Kelly Rowland is releasing a new solo effort, and “Dirty Laundry” is airing a lot of source material. The former Destiny’s Child singer makes two revelations in this new track: one is her feelings on the success of Beyonce as she, comparitively, lived “in her shadow.” The other is that she was physically abused by an ex-lover.
To the former, she sings, backed by a melancholy piano: “While my sister was on stage, killin” it like a motherf*cker / I was enraged, feeling it like a motherfucker / Bird in a cage, you would never know what I was dealing with / Went out separate ways, but I was happy she was killin’ it… Bittersweet, she was up, I was down.”
Beyonce makes another flashback cameo, as Rowland was surviving post-“Survivor,” as a survivor of abuse.
“Started to call them people on him / I was battered / He hittin the window like it was me, until it shattered / He pulled me out, he said, “Don”t nobody love you but me / Not your mama, not your daddy and especially not Bey,” she continues. The ending of this particular verse hurts my heart. “He turned me against my sister / I missed ya.”
Hell if I and many other critics haven’t lobbed jokes about how Kelly or Michelle would never make it bigger than Beyonce. Rowland — who’s always had a sharp voice and knows how to tell a story — hasn’t had the chance for a superstar trek since Destiny’s Child days. Her song here, though, isn’t about to turn that negativity into more negativity, but into something positive by cleaning up her own feelings on the matter.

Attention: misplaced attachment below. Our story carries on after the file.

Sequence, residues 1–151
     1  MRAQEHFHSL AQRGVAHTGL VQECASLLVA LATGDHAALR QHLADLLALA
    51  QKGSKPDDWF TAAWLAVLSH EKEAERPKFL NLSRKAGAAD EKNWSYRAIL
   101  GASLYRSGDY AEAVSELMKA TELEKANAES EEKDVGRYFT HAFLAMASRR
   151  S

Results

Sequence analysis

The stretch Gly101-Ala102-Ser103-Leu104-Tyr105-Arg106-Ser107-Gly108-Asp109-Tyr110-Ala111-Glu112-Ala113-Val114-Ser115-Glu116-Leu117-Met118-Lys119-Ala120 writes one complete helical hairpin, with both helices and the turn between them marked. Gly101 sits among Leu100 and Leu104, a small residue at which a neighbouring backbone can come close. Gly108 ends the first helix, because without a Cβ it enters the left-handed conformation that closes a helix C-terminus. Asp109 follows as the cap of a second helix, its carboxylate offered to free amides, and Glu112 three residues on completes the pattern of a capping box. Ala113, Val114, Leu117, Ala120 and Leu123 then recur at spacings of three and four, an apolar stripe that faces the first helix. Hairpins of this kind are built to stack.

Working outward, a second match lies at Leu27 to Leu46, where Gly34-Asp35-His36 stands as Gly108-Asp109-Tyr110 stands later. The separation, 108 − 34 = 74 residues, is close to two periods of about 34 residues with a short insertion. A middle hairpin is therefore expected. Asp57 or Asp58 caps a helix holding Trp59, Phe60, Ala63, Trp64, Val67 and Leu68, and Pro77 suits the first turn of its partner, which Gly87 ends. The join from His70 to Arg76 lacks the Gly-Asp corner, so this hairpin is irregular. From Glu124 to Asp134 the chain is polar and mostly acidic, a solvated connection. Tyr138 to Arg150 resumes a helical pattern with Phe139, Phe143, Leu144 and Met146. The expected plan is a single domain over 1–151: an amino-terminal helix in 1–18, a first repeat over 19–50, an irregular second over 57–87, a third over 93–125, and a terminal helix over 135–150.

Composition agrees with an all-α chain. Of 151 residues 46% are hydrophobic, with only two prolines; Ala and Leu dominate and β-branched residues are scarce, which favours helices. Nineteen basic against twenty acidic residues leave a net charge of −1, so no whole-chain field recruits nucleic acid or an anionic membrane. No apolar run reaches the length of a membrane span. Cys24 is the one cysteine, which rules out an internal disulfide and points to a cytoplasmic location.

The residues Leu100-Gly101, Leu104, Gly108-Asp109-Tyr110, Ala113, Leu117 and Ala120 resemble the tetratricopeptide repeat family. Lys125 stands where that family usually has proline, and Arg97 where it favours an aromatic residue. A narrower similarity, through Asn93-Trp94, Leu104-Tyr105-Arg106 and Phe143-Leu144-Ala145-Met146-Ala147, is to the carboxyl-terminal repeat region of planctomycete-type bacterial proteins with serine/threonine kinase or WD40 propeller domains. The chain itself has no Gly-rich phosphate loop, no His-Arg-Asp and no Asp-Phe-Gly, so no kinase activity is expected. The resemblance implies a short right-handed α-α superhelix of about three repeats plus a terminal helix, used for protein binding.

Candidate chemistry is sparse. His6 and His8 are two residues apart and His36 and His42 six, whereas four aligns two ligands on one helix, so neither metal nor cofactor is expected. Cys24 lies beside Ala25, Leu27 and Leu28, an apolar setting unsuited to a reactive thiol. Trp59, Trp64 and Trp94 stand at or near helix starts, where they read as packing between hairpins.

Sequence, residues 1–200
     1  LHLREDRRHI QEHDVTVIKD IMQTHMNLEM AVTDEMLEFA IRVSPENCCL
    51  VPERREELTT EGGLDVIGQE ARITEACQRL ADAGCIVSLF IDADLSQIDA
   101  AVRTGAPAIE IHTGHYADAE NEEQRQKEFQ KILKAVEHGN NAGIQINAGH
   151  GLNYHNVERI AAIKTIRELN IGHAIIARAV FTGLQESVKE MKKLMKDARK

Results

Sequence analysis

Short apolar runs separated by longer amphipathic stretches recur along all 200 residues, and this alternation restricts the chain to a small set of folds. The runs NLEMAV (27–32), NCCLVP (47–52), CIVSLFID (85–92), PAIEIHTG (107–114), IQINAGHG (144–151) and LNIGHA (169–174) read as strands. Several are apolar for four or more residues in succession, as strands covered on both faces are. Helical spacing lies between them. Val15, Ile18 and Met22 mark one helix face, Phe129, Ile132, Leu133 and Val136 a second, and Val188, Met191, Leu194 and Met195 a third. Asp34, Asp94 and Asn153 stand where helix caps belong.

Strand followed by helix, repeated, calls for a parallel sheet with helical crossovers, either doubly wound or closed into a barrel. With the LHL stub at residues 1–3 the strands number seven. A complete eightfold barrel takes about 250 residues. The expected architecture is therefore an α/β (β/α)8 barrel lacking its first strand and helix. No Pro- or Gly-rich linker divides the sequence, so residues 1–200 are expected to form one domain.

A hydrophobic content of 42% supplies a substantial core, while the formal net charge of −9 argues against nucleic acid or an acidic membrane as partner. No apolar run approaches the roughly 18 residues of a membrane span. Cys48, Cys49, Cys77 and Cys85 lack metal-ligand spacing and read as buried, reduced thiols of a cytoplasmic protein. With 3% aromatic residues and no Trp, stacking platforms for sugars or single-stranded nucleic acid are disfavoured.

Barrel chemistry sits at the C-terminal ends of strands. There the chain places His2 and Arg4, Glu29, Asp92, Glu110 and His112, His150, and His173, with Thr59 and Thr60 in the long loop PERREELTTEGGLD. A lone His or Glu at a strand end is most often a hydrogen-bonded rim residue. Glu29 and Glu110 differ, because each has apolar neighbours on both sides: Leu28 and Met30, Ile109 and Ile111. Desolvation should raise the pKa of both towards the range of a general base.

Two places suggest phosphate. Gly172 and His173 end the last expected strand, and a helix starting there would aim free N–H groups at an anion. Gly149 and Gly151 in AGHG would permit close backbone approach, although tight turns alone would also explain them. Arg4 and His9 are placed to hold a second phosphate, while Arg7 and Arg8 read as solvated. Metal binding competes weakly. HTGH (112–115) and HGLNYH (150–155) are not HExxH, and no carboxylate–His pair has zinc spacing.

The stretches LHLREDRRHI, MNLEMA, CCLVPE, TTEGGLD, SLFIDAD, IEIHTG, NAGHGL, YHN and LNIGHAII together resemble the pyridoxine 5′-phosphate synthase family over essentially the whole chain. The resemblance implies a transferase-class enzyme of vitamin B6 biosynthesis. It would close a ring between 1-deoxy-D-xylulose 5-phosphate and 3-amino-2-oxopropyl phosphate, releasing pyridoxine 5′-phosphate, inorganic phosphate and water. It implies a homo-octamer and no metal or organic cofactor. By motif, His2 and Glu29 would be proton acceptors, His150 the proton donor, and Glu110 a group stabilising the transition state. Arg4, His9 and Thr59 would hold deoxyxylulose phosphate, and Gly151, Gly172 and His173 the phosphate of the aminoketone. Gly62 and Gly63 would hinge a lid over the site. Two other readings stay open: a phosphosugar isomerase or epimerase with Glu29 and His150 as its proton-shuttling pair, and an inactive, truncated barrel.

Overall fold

Saying that she was conflicted and angry during a time of DC post-breakup blues is actually very self-award and gutsy. But disclosure that she’d gone through a dark and misguided period through abuse is no easy feat either, even on a simple confession produced by The-Dream. R&B singers’ bread and butter is emotional climaxes of relationships, from the chase, the bedding, the wedding or the breakup (and of course all tensions in-between). While many scorned lovers’ songs make enemies of their exes or insinuate their own indiscretions, there are extreme few that outline actual terror of physical, emotional or sexual abuse in the legal sense. Rowland’s dirty laundry here isn’t only that she was abused in secret, but that those abuses led to her hurting others. It’s a meta-narrative on an R&B trope and the record-making industry, and a sensationally true story, which makes it totally fascinating as a piece of art.
And entertainment. Rowland’s voice her is top-notch, don’t you think?
Rowland’s album “Talk a Good Game” is due on June 18.